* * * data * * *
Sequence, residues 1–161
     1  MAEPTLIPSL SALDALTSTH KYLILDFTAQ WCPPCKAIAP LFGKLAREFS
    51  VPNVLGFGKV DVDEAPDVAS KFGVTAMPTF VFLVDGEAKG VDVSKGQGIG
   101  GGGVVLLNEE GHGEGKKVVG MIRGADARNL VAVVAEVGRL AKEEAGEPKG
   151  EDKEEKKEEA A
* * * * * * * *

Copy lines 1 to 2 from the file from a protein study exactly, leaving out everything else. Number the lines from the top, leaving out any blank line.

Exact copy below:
Sequence, residues 1–161
     1  MAEPTLIPSL SALDALTSTH KYLILDFTAQ WCPPCKAIAP LFGKLAREFS